Educating Brokers and Introducers – The right information first time, every time

By Bridging Loan Directory -


Earlier this year, The Financial Services Authority advised bridging lenders to take responsibility for educating introducers about the difference between regulated and unregulated cases. As education and product knowledge is key in any market, it is crucial this message is also taken on board by lenders in non-regulated short-term bridging finance.

John Clifford, MD at Central Bridging Loans, is a keen advocate of the education of introducers stating “We need to ensure that as Principal lenders we are leading the way in providing informative and incisive information to help educate introducers by improving their awareness of the difference aspects of FSA and CCA regulated lending and what applies to what lending scenario. This can only benefit the industry in general as poorly & inaccurately underwritten lending can sometimes result in negative press, which reflects badly on us all.”

Whilst it is acknowledged that many introducers have been around for a long time and are knowledgeable, there is still a lot that can be done. As the bridging finance market continues to grow we are seeing an increasing number of new entrants, particularly in the non-regulated markets where introducers have moved across from other areas of finance. For these relatively new introducers, it can take time to understand the requirements and nuances of different lenders. If information is lacking at the initial enquiry stage, accuracy and the speed of decision making may be flawed, and may ultimately lead to a loan being unenforceable if not set up correctly.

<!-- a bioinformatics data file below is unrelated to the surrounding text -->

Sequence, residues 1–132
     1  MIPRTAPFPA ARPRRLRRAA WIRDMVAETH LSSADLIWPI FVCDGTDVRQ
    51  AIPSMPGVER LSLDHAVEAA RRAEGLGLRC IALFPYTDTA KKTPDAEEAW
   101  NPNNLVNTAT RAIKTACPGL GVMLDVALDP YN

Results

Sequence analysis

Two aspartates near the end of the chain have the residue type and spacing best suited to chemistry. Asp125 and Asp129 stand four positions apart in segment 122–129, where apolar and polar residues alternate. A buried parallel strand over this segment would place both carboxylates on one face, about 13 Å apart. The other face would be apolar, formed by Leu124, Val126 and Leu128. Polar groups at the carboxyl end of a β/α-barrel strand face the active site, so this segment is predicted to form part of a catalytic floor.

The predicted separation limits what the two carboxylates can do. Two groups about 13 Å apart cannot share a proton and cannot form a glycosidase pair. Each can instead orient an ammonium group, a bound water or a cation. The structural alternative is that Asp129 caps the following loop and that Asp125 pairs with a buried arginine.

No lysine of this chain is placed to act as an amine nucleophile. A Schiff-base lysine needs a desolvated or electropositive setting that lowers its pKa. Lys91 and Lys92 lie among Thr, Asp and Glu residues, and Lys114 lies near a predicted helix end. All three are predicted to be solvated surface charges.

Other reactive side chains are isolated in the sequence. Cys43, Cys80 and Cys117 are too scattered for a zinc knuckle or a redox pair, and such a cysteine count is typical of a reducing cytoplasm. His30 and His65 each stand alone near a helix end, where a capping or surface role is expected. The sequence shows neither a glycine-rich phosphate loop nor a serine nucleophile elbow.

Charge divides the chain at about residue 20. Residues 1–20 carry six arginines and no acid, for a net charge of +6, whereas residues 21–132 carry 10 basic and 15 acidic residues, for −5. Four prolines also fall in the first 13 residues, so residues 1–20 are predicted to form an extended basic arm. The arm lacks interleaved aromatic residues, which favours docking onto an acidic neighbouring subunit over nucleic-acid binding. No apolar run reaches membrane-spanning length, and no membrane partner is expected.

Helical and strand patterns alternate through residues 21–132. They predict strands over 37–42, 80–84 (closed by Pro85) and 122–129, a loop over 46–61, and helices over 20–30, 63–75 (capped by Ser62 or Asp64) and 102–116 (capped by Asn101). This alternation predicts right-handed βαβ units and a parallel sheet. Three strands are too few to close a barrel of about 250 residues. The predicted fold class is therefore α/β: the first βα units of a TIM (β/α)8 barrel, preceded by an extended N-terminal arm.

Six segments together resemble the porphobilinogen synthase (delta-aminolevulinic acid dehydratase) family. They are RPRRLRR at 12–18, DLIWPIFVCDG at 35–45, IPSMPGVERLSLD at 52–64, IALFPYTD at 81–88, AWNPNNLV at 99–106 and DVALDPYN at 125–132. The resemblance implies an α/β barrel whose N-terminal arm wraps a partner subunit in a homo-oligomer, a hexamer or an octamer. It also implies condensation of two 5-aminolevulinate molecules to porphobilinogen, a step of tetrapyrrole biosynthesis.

Robust and clearly defined exit strategies are key to the decision making process for bridging finance, which takes on greater importance if refinance is sought as the exit plan. So lenders need to ensure they are communicating their requirements to introducers clearly and on a regular basis.

John Clifford explained further “In some instances we have had to go back and forth to brokers and introducers due to incomplete information being provided at the outset, particularly around redemption strategies. The risk analysis and decision process would be enhanced considerably if brokers obtained a fuller fact find from their clients at the initial enquiry stage. In order to do this, we need to encourage introducers to provide clear, concise, thought through presentation and delivery of documents. This will ensure enquiries are reviewed quicker with full and accurate assessments made.”

With regulation for the bridging industry looking increasingly likely, the coming months will prove pivotal in educating introducers about regulatory requirements. Ensuring brokers are aware of what those requirements are, will be key to improving standards and perception of the industry as a whole.